Middle East

Managing US Relations with Pakistan in Uncertain Times: Obstacles and Opportunities


Introduction


Pakistan is experiencing a confluence of serious challenges, including immense political polarization, an economic crisis, and the resurgence of terrorism threats. The already delayed general elections are supposed to be held in early February. Yet given the repeated calls by the upper house of parliament to further delay the polls,1 and a sudden deterioration of the security situation with neighboring Iran on the heels of retaliatory cross-border strikes against militant outfits,2 it remains uncertain when Pakistanis will be given a chance to vote in a new government. Moreover, amid accusations of blatant pre-election rigging, it also remains to be seen how long the incoming government will manage to stay in power, and the amount of legitimacy it will be able to muster.

Given this fluid scenario, it is difficult for other countries to calibrate their bilateral relationship with Pakistan. Rethinking its relationship with Islamabad is particularly challenging for Washington, which has had longstanding but rather troubled relations with the country. After former Prime Minister Imran Khan’s removal from office via a no-confidence vote in April 2022,3 the transitional setup and the new army chief have made efforts to reinvigorate Pakistan’s relations with the U.S.

Following the U.S. withdrawal from Afghanistan, America’s bilateral relationship with Pakistan may have come to hold less priority. If it was thought, however, that the U.S. could afford to largely turn its back on Pakistan and the surrounding region, it has instead become increasingly evident that American strategic interests and other concerns demand continued attention and involvement.

Pakistan is a large and nuclear-armed Muslim country. It maintains increasingly close ties with China. It is simultaneously engaged in a protracted rivalry with neighboring India, which needs to be contained to avert potentially catastrophic outcomes. While its relations with the Taliban regime are currently tense, Pakistan could have a stabilizing influence in Afghanistan. All of these issues are of significant importance for U.S. foreign policy. It is thus imperative that American policymakers take a longer view when it comes to dealing with Pakistan, especially at a time when great power competition is intensifying across South Asia. While the U.S. cannot displace Chinese ties with Pakistan, there is still ample room for American engagement with its longstanding ally, despite the many differences that have stressed U.S.-Pakistan relations over the past seven-plus decades. The U.S. can forge a practical and appropriate basis for continued cooperation with Pakistan that is sensitive to the national interests of both countries and is in line with the emergent on-the-ground realities in Pakistan as well as the broader region.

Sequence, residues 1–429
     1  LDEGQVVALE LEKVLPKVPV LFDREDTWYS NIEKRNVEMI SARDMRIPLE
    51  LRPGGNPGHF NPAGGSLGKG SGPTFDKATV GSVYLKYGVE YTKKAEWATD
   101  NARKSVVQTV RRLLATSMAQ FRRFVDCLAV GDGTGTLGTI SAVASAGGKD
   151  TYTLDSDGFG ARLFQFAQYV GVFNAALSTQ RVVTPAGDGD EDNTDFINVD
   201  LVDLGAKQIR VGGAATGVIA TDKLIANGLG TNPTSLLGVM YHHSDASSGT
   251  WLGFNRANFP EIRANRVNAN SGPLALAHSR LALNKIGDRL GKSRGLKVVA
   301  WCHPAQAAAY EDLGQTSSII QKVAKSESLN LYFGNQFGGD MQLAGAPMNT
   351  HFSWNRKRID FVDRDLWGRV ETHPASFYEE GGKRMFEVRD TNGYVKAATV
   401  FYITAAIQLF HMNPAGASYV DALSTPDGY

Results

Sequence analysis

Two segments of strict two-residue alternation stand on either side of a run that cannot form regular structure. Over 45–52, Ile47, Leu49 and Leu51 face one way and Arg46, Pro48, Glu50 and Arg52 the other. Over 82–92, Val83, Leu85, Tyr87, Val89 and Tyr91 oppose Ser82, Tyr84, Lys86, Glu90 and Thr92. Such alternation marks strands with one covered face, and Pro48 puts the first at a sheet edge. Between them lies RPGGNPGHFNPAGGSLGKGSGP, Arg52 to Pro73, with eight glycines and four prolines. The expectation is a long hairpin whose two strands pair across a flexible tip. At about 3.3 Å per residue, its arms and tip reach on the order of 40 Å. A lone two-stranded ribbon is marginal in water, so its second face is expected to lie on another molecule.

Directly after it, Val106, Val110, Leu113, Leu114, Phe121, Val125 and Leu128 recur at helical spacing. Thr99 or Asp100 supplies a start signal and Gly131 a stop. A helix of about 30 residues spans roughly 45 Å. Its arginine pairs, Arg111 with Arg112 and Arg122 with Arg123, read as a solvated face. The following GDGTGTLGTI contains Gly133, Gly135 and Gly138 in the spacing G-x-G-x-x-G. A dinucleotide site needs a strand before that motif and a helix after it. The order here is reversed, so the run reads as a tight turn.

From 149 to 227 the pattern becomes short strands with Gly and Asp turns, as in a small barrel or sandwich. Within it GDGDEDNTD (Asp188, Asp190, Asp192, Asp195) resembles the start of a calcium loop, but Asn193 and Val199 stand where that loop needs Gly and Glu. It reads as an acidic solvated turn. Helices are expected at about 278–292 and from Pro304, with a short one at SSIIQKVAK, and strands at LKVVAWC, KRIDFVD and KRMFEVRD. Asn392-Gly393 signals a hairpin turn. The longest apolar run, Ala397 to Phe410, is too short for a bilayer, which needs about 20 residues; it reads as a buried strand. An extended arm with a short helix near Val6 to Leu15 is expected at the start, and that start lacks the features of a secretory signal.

A family rides past a decoration in the shape of the national flags of China and Pakistan installed along a road ahead of the visit of Chinese Vice Premier He Lifeng, in Lahore on July 30, 2023. Photo by ARIF ALI/AFP via Getty Images.
A family rides past a decoration in the shape of the national flags of China and Pakistan installed along a road ahead of the visit of Chinese Vice Premier He Lifeng, in Lahore on July 30, 2023. Photo by ARIF ALI/AFP via Getty Images.